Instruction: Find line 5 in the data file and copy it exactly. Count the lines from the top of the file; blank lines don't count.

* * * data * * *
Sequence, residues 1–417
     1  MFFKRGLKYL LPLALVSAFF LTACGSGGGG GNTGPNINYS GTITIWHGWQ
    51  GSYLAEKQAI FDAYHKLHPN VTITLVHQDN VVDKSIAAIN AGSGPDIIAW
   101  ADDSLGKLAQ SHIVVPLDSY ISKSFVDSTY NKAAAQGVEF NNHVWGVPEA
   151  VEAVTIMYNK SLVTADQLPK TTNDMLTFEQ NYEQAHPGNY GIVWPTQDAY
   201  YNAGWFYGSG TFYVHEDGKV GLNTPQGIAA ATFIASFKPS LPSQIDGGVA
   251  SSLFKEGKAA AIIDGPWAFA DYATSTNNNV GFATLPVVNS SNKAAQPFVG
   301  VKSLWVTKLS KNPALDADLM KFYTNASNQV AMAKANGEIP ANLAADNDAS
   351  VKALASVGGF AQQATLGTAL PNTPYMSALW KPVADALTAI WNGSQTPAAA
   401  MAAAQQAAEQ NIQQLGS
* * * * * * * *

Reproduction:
   151  VEAVTIMYNK SLVTADQLPK TTNDMLTFEQ NYEQAHPGNY GIVWPTQDAY